To ensure construction leads a sustainable recovery, there are a number of measures that need to be taken to ensure that workers can work safely and efficiently. The CIOB has called for major construction sites to be integrated into the Government’s ‘Test & Trace’ scheme with testing stations. The CIOB’s proposal – included in a submission to a consultation on Covid-19 recovery by the Business, Energy and Industrial Strategy Select Committee – would enable the regular testing of workers without risking further transmission of the virus. Construction workers were among the first – alongside key workers – to gain access to at-home coronavirus tests. With over 86 per cent of construction sites in England and Wales open, there is a significant opportunity to locate Covid-19 testing stations on – or in close proximity to – some of the UK’s major construction sites.
There is no doubt that the construction industry, like all industries, will have to adapt to new ways of working. A recent CIOB survey which looked at the financial, operational and personal impacts of Covid-19 on the global industry found that sites have been able to efficiently enact new measures to adhere to coronavirus distancing guidance, such as being able to distance during travel to work, extended washing facilities on site and enhanced cleaning of all site facilities.
Beyond the work being done on site, construction workers have been using the pandemic to do good in their communities. The survey found that 44 per cent have volunteered to help people in their community, such as shopping for the elderly, 42 per cent have volunteered to support essential workers, and 36 per cent have donated personal protective equipment (PPE) to front-line health and social care workers. At the beginning of the pandemic, the CIOB urged the orgindustry to donate what PPE had become available during the pausing of projects to the NHS in the UK and healthcare providers in communities around the world. The industry has even redirected its skills, helping to build vital stations such as the Nightingale Hospitals across the UK in record time and to a high standard.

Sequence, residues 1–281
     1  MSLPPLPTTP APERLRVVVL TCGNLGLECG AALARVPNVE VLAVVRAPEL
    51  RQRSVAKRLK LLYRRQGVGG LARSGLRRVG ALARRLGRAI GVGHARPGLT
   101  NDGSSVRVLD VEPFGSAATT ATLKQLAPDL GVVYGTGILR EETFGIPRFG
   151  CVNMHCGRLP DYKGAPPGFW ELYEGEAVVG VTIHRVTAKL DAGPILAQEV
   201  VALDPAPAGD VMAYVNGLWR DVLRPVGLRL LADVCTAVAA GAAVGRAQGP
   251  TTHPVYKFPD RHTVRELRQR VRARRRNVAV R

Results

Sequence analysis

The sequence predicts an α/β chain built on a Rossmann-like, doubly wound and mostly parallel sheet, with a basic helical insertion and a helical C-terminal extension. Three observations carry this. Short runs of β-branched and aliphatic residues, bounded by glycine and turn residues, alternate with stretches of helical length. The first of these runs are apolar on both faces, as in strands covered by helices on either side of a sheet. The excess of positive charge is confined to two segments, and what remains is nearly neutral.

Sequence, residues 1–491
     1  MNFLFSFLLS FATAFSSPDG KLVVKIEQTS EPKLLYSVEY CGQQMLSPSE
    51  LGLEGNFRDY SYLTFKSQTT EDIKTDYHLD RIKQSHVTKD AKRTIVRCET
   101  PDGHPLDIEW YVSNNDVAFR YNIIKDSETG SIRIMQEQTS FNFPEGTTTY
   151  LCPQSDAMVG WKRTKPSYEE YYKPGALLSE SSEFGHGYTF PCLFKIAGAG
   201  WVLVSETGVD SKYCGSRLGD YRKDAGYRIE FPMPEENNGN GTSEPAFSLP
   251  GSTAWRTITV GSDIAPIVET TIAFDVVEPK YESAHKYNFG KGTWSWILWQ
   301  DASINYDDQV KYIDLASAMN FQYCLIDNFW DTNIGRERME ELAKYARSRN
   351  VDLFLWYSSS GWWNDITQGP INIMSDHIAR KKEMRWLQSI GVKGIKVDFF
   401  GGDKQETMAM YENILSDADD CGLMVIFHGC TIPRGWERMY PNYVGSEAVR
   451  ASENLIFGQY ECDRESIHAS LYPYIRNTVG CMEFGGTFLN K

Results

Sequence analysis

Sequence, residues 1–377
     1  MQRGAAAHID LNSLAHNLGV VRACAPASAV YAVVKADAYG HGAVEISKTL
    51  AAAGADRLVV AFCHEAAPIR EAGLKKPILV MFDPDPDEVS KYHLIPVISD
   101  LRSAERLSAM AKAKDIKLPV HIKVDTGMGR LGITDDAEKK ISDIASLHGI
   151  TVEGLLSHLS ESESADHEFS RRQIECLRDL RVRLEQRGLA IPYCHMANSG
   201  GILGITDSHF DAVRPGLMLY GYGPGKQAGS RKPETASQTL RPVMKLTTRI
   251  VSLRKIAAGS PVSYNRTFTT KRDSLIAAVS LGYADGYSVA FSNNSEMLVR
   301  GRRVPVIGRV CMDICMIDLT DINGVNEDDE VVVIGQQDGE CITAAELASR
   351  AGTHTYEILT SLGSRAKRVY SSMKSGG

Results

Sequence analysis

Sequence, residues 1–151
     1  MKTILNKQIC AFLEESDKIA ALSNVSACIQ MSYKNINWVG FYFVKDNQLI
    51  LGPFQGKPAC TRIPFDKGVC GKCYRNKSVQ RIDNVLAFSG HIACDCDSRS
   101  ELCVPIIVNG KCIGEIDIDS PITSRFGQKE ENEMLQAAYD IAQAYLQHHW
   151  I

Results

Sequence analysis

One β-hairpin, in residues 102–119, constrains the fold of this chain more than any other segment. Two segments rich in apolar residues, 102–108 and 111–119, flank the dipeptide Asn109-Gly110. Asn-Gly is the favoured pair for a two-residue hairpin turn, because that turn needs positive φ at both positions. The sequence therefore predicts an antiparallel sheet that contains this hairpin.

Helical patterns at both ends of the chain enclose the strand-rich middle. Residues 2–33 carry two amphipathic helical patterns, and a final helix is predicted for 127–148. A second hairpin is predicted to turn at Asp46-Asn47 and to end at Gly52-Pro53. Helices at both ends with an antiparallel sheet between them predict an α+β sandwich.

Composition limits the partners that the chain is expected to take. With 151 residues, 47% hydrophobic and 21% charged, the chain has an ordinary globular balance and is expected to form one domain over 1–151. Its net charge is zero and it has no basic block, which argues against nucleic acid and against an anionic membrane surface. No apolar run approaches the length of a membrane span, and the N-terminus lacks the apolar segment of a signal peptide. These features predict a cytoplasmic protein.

The Covid-19 pandemic has been a test of all industries, and the construction industry is proud of what has been achieved to date. Organisations across the sector have worked consistently with policy makers to enable the industry to work safely, and government understanding of the importance of the construction industry is evident through the fact that construction workers were designated key workers, receiving urgent testing before availability to the general public. But the hard work continues. The construction sector is a vital part of all economies – making up 13 per cent of global GDP – and estimates suggest the economy could return anywhere between 2021 and 2023. While confidence remains high among construction workers for their future, we must work hard to make sure these key workers can move forward safely and securely to allow society to get back to a new normal.
Caroline Gumble is CEO of the Chartered Institute of Building. The Chartered Institute of Building is at the heart of a management and leadership career in the built environment. It is the world’s largest and most influential professional body for construction management and leadership, with a Royal Charter to promote the science and practice of building and construction for the benefit of society since 1834.